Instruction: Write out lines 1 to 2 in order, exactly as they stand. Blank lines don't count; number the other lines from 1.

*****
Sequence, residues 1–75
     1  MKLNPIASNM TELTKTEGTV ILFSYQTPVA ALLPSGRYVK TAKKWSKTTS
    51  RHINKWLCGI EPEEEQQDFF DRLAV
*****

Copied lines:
Sequence, residues 1–75
     1  MKLNPIASNM TELTKTEGTV ILFSYQTPVA ALLPSGRYVK TAKKWSKTTS